Social critiques have linked educational psychology theories and techniques to the political interests of economic groupings such as the middle classes. From this perspective, educational psychology became the ideology of the capitalist status quo. Before discussing this view it is interesting to consider a historical analysis of this socially interested approach. Wooldridge reminds us that psychometrics was opposed from two distinct and opposing social directions. First, from a communitarian and egalitarian standpoint which questioned the very basis of a meritocracy on the grounds that it undermined communities by identifying and promoting individual social mobility so as to form elite groups.
Secondly, from a socially conservative standpoint which favoured the values of social order and the hereditary classes. For the second group, psychometrics was a threat because it supported individual social mobility and the allocation of social positions through a detached technical system.
Once IQ tests became an established part of the process of selection for secondary schools, they are also distrusted by many in the middle classes. When some children from the middle classes failed to get into grammar schools, this engendered doubts amongst parts of the middle classes about the selective system. Yet up to the 1950 the Labour party had a meritocratic wing which considered mental testing as supportive of justice and political change.
For example, during the inter-war period even a socialist political thinker like Twaney could favour the measurement of as a fairier way of allocating educational places than the operation of the class system (Twaney 1922). Twaney was later to revise this views on education, but it will surprise many to learn that someone with this socialist background was for a considerable period supporter of Burt and the psychometric ideal.
Wooldridge uses historical sources to argue that the psychometric movement did not express the interests of a social class (the simple Marxist arguement) as much as the interests of various status groups. He identified these as a scholarship winners from working-class backgrounds, middle -class professionals and the intellectual aristocracy. These groups had their own social interests in the benefits of mental measurment, but the point is that this was not ,in Marxist terms, a simple social class matter. However, there has been another social critique of educational psychologists and their use of psychometrics, already mentioned on chapter 3, which focuses on thier professional interests (for instance, Rose, 1985). It is that psychologists' theories and methods were designed to advance professional interests and enhance control over clients. However, there difficulties with this interpretation. Though professional groups no doubt act in part from professional self-interests the historical evidence, as Wooldridge shows, does not fit this account.
For example, psychometrists, acted against their own material interests by designing and disseminating standardised tests which could be used by non-psychologists. Though some tests are restricted to professional psychologists, even today this does not apply to many tests which are for use by teachers and others. Secondly, the interest in and connections with eugenics at the origins of educational psychology, unacceptable as they are, relate to the community and not to simple professional interests. Thirdly, educational psychologists have had a long-standing interest in identifying children with difficulties and disabilities with a view to providing appropriate education and training. Though some psychologists in both Europe and the USA were hard-lined supporters of eugenic sterilisation programmes, this attitude was not shared by all psychologists.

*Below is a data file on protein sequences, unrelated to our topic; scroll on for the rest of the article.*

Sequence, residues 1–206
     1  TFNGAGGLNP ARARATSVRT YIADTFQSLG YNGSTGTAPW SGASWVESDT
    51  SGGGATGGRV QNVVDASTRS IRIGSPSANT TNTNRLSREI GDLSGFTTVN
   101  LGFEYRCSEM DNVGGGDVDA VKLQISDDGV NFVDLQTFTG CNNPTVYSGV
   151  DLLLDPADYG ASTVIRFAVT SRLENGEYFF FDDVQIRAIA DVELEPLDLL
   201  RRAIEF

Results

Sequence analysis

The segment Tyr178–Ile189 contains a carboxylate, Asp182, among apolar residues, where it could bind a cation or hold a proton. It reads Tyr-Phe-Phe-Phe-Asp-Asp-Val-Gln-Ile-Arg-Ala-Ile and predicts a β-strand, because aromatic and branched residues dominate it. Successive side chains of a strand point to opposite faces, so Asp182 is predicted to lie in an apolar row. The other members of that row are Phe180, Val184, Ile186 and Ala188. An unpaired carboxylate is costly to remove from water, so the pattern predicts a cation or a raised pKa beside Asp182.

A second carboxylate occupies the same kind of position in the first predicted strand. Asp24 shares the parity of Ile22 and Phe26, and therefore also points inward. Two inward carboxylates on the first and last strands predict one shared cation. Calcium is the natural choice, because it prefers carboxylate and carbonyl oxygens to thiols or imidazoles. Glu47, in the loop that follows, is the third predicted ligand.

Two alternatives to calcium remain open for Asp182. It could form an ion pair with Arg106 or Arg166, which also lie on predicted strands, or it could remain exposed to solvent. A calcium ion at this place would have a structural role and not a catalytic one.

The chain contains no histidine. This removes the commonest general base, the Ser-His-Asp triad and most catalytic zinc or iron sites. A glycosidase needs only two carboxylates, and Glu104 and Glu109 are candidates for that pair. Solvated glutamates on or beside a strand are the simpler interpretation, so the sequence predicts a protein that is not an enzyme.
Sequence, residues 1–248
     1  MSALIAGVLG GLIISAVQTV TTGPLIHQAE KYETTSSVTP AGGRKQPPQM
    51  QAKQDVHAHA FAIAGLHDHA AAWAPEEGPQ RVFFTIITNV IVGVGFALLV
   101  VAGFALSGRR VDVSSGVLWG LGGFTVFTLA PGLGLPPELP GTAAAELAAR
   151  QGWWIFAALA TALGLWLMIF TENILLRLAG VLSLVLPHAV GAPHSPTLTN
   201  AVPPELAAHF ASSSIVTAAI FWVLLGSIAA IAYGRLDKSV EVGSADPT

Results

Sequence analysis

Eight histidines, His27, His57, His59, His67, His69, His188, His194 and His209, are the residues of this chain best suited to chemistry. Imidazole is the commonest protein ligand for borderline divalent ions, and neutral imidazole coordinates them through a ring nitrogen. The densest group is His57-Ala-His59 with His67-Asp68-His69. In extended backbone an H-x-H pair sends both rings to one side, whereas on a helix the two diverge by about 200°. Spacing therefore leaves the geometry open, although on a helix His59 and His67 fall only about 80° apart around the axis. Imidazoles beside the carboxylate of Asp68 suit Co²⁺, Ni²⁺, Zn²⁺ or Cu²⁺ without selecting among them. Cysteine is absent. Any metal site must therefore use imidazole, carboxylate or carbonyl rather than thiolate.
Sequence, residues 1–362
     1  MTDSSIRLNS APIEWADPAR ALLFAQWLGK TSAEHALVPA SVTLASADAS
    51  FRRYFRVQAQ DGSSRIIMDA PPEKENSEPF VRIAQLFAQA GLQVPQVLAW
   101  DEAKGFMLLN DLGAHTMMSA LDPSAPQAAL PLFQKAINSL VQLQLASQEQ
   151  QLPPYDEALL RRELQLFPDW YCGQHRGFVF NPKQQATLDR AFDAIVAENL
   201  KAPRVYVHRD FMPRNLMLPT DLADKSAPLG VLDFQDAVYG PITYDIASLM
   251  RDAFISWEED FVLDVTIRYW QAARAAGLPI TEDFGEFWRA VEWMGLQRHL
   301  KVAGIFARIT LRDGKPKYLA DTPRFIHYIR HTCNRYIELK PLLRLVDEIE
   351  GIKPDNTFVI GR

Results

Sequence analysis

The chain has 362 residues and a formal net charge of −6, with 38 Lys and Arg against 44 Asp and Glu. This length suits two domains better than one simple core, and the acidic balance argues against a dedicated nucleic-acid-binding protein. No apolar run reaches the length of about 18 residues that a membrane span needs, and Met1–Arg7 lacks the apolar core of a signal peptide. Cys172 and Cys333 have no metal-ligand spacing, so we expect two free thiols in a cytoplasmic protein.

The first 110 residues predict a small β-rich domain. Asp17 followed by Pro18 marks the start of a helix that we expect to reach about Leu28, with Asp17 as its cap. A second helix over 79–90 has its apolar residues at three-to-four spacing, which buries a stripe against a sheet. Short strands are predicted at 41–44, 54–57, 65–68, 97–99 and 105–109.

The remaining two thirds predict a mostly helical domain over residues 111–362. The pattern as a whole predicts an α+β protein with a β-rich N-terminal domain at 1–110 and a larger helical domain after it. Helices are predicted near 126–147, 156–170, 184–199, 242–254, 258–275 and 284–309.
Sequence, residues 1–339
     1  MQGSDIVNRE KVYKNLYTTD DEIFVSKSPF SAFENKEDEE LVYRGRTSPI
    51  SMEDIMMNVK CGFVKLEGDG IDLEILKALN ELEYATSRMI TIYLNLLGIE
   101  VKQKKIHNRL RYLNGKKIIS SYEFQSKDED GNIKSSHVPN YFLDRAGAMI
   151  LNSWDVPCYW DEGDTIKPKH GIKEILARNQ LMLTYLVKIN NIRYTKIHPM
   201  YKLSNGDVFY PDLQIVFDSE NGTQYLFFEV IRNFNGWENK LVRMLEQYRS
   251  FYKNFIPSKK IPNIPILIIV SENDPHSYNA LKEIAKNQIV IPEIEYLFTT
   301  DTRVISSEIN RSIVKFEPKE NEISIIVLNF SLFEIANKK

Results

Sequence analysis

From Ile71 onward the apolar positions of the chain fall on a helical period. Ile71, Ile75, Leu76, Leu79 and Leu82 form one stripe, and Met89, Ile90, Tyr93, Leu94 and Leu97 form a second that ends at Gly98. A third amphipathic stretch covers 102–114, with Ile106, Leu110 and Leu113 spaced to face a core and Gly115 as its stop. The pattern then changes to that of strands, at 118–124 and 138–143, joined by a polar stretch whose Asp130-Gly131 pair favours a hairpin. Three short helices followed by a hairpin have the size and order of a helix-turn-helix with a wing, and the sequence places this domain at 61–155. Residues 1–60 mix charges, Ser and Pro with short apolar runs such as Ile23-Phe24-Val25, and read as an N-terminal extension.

As I argued in chapter 3, there was a strong tradition of scientific psychology which underpinned progressive social policies. Even Cyril Burt was a keen supporter of social policies to eradicate the effects of social and economic disadvantage on the development of children from working class backgrounds. (Burt, 1937)
Wooldridge also identifies the sources of the more recent trends away from psychometrics and the meritocratic ideal. There were growing technical critisisms of the tests, doubts about their underlying theoritical basis and acounts of their abuses, even amongst psychologists. The very ideal of meritocracy also came under attack. Sociologists, after the second world war, showed how the environment affects ability and achievement. This led to resurgence of interest in enironmentalism, which favoured the forces of social circumstances rather than inherited biological factors. Tests came to be seen as measuring social constructs which reflected the social values of dominant social groups. Poor perfomance in this tests came to be attributed to biasing factors in the social system and not to individual potential. As environmentalism rose with the growth of sociological accounts, so individualist and biologically based thoeries associated with psychology fell.
This spells out more fully the background to the identity crisis in educational psychology described by Sutherland (1988), and with wich we are still dealing. Part of this crisis was evident when practitioner psychologists themselves became critical of psychometrics and the individual focus of psychology, a topic which will be discussed more fully later in this chapter.
The post-Second World war critique of psychometrics and its ideals was also extended by political thinkers from a socialist position to raise doubts about the values of individualist social mobility and the kind of mechanistic and planned society dedicated to production and efficiency.